Figures for injuries on Leeds roads at a 40-year low

LESSONS IN LIFE: Students from Leeds College of Building learn about road safety with West Yorkshire Fire and Rescue teams and Leeds City Council's road safety team.
LESSONS IN LIFE: Students from Leeds College of Building learn about road safety with West Yorkshire Fire and Rescue teams and Leeds City Council's road safety team.
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The number of people injured on the roads in Leeds last year was the lowest for more than 40 years.

There were 2,686 casualties in 2011 – the lowest recorded figures since the district was formed in 1974.

The figures represent a reduction of 78 on the equivalent 2010 figures.

The number of people killed or seriously injured on the roads fell in 2011 to 297 – seven fewer than the previous year and a 14% reduction on the 2006-10 five-year average.

A total of 2,389 road users were slightly injured, a reduction of 71 on the figure for 2010.

Over 49,000 pupils of all ages took part in road safety education programmes last year.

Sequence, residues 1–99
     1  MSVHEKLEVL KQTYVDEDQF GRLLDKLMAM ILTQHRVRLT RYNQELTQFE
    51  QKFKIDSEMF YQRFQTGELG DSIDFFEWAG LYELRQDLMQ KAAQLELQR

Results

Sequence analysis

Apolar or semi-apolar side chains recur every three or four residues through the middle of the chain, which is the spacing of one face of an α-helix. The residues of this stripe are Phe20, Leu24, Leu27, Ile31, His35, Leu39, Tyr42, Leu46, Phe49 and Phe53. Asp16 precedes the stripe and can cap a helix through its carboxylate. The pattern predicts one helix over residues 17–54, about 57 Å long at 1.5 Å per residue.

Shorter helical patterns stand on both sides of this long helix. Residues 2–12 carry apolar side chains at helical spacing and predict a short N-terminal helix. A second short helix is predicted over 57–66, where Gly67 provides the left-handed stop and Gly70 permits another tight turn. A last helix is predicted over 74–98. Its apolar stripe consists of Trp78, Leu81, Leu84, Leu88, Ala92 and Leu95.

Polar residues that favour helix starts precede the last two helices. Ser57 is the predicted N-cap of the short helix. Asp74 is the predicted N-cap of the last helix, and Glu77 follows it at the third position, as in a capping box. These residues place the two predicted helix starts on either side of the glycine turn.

The courses, run by Leeds City Council’s influencing travel behaviour team, are designed to influence young people’s attitudes to road safety and to encourage them to choose lower carbon forms of travel, particularly for more local journeys such as getting to and from school.

The team uses drama, musical roadshows, and rescue demonstrations by the fire service to get the message across.

The work of the team is part of a wider programme which includes engineering and infrastructure measures designed to make the roads safer.

Coun Richard Lewis, Leeds City Council’s executive member for development said: “It’s good to see the downward trend continuing, but even one death or injury on our roads is one too many.

“We must remember that each and every one of these casualty figures represents a personal story or pain and loss. So often, we hear people refer to road traffic collisions to as ‘accidents’, but in many cases these collisions could have easily been avoided had one or more of the road users involved behaved or acted differently.

“That’s why educating people about using the roads safely and sustainably is crucial to our efforts. The work we do with partners in the fire service and the police to help young people understand the issues is particularly important.

“If we can positively influence young people’s attitudes now, then we stand a chance of ensuring that they become safe and sustainable road users for life.”